The girl Cavillace was simple and beautiful, as a honeysuckle lost in metal is bound to appear. When Telos saw her, he knew he had to have her, and he did. It was a rather easy thing, because Telos was strong and handsome, as a tiger lost in the urban jungle. When she was in his arms, everything seemed right (and everything was right, by and by). The only thing that ever struck his mind askew was the idea that this might someday end.
Cavillace, for her part, had no intention of letting it end. She was two years Telos’s junior but felt bound to him intensely, and she would have literally traveled to Hades and beyond if it meant being with him. Her past is of minute concern: like Telos, she came from the forests beyond the City, a land not often called Skara Brae.
Their courtship was immediate and its consummation instantaneous. Their friends were not surprised: both Telos and Cavillace were of romantic hearts, and dated rarely. Thus, when they should find someone who struck their interest and found it recquited, it would make sense for a rapid pursuit.
For two months, their relationship soared, above the King Minos and his legions. Minos believed in strange methods of population control, and irregular liaisons like the one between Telos and Cavillace were strictly forbidden due to their uncertainty and fiery passion (that often results in unnecessary children). It goes without saying that King Minos did not share their romantic spirit.
The Fussbudget I
The result of King Minos’s social plans was the annex of the Jinyi Wei, a long-standing association of detectives. The Wei was originally designed to simply take on tough crime cases and observe that the Law was followed by all citizens. Minos decided to use them instead as his eyes and ears in the city, so that he would be everywhere at once. The Wei was transformed into an abusive and law-skirting agency, and average people began to suspect that around every corner an agent of Minos waited.
When Minos decided to reorganize the Jinyi Wei, he put Gabriel Syme, a war-hardened patriot, at its head. Syme challenged the old Wei system and quickly instituted the changes that Minos desired. It was he that created the society of abuse and deceit, fear and chaos.
Their system of surveillance was impressive, and details rarely slipped through. While Syme was a harsh and mean supervisor, he was skilled in all the ways he needed to be and succeeded in every task. The Wei was as talented as it was cruel: a startlingly merciless police force.
Although Syme was widely despised, he worked quite plainly in the middle of the city, in a nondescript office building next to some mega-corporations. No one outside the Jinyi Wei knew what he looked like, which allowed him an absurd amount of freedom despite being one of the most feared men in the city. Gabriel Syme, it is said, had a grizzled countenance and short, grey hair. He always had a cigarette in his mouth, and a cough that implied the cigarette had been there since he was born.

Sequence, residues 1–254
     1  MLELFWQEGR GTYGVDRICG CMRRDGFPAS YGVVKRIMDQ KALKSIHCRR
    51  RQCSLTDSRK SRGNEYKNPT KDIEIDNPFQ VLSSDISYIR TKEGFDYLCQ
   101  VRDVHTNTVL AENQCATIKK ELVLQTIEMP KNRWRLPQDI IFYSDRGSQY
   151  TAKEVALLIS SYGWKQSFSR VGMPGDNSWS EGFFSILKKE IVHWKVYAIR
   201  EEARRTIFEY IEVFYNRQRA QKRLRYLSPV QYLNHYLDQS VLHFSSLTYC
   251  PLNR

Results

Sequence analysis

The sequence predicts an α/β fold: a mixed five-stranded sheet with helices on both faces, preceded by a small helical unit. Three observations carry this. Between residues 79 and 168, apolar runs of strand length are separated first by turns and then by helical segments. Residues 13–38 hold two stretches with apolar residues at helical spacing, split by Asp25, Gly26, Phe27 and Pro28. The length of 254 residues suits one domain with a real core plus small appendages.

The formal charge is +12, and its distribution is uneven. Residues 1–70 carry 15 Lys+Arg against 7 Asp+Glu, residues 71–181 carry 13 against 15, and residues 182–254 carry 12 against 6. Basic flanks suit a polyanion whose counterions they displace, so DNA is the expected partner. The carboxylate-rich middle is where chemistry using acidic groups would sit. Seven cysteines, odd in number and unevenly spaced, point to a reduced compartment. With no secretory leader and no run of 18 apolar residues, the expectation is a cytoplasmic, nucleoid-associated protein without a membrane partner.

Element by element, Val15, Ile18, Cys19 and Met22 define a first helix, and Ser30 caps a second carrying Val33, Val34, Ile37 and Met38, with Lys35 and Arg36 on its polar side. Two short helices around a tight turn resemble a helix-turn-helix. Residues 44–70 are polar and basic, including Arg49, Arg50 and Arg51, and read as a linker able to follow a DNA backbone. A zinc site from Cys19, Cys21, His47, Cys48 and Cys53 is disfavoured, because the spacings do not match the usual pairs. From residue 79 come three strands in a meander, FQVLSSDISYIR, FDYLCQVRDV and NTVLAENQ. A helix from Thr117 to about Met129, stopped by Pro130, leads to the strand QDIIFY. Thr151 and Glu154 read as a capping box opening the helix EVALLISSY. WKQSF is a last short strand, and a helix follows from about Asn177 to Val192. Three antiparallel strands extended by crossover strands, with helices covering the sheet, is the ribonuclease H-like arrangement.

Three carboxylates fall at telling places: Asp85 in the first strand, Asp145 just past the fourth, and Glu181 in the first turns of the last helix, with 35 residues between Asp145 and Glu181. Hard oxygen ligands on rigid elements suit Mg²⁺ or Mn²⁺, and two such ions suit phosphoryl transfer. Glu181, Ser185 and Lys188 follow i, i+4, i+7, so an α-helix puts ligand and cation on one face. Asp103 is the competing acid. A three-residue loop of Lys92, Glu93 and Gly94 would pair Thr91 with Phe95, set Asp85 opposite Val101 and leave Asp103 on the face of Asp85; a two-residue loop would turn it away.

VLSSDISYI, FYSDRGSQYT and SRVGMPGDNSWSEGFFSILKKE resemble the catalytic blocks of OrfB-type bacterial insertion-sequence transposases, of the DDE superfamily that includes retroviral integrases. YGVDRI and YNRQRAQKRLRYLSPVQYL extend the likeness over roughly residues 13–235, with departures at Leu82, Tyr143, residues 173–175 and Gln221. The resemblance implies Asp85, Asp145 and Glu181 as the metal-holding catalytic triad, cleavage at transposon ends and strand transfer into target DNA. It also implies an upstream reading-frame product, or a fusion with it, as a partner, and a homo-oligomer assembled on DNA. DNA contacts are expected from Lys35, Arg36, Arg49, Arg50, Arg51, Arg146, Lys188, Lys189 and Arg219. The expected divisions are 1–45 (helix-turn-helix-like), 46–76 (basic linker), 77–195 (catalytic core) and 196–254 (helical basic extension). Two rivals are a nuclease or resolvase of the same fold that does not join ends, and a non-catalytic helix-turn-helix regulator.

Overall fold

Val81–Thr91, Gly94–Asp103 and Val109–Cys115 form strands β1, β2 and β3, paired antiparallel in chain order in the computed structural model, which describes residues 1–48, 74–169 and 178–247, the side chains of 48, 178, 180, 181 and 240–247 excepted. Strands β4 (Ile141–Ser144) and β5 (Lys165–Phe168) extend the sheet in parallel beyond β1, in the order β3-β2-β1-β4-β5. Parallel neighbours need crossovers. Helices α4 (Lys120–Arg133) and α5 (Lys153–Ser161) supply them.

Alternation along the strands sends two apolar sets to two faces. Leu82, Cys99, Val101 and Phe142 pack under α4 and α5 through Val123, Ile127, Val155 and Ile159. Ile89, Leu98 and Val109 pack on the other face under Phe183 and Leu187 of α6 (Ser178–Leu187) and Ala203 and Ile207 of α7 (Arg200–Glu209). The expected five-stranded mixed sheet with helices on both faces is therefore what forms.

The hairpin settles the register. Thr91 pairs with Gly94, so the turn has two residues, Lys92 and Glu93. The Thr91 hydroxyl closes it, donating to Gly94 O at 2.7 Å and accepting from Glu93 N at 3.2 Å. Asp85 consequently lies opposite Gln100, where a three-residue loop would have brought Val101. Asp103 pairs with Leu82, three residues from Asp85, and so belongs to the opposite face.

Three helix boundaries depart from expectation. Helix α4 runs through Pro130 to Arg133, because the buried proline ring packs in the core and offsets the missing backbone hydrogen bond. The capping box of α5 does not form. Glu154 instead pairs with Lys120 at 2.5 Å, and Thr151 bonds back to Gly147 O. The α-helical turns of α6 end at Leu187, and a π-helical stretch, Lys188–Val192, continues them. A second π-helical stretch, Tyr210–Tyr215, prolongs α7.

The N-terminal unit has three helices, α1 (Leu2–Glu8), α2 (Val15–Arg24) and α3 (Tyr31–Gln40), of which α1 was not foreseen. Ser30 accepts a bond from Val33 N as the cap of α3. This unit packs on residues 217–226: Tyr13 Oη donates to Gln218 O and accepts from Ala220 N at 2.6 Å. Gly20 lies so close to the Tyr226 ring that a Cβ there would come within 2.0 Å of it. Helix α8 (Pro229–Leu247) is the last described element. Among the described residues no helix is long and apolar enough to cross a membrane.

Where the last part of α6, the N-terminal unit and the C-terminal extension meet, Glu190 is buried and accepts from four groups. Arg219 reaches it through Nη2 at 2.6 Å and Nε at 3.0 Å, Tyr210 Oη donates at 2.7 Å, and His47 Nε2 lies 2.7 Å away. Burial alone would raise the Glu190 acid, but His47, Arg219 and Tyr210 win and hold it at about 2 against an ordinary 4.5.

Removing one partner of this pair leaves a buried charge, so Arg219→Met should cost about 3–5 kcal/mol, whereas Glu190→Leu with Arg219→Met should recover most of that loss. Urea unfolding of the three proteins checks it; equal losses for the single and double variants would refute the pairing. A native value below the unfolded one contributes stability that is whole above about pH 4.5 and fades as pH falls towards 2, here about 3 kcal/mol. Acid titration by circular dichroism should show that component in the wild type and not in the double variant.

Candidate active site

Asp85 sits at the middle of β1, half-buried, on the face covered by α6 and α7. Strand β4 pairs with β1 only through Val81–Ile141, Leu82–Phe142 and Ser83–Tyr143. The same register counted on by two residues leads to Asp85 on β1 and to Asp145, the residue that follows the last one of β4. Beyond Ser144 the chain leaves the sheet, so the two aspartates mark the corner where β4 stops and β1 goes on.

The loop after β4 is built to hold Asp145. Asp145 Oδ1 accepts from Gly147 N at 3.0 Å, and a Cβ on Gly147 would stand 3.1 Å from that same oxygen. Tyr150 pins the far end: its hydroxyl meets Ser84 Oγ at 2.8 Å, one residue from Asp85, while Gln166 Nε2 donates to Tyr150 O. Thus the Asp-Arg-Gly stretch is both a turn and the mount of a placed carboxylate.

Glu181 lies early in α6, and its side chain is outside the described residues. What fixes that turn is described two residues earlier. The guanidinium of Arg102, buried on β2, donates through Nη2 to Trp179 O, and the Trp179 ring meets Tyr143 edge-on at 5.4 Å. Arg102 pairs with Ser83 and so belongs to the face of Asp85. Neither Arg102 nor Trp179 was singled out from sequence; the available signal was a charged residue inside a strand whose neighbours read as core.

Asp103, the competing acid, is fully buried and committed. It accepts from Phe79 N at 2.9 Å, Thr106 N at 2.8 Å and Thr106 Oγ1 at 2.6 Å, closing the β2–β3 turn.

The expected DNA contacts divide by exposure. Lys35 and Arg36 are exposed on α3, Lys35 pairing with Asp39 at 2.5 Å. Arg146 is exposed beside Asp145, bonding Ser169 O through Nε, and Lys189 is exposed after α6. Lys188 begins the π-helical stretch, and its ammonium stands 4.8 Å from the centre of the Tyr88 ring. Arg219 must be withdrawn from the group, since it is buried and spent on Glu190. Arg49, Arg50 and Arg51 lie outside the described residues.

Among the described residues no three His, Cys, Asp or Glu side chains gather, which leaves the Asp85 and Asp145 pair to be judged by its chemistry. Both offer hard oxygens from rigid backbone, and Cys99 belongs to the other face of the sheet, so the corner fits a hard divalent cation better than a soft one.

It’s not that he was loveless. It’s just that he didn’t believe in love. You cannot lack something that you don’t think exists.
Thus, the whirlwind romance between Telos and Cavillace was, for all intents and purposes, invisible. No one spoke of it and it was never actually acknowledged. They saw each other rarely; and painfully, the whirlwind romance seemed more like a casual acquaintance. But they knew, the two of them, they knew that beneath the friendly smiles and social beers there was a river, a torrent, a delta of passion.
Sometimes, they would journey outside of Damascus, where Minos’s reach did not yet extend. There, among the winding roads and shantytowns of Tell Ramad, they would dare to hold hands and kiss when the moon refused to shine upon them. He would put his hand on her cheek and his whole spirit would stir, as a mighty beast awakened from twenty years of slumber.
She would blush and fawn under his touch, but she knew she loved it.
One night Telos went too far. Not that Cavillace cared terribly, for she didn’t (as she saw it, she had given herself wholly to him: they were going to eventually), but nonetheless, quite regardless, Telos went too far. He in fact realized his mistake seconds after the ardor had fled.
They got dressed with not too little discomfiture and returned to the city, hands noticeably separated, thoughts furtively elsewhere.
The Fussbudget II
Word had made its way to Syme about Telos’s dereliction. Just because Minos did not directly rule over Tell Ramad did not mean he would never hear anything of it. Careful precautions had to be taken in order to trap the lovers.
It is unclear why Syme failed to believe in love.
He ordered their favorite bar, the one where they had met, the one that fueled illicit thoughts, to be under careful surveillance. Should they make any mistake that revealed they were anything more than friends, the Jinyi Wei would descend. Hawks upon mice.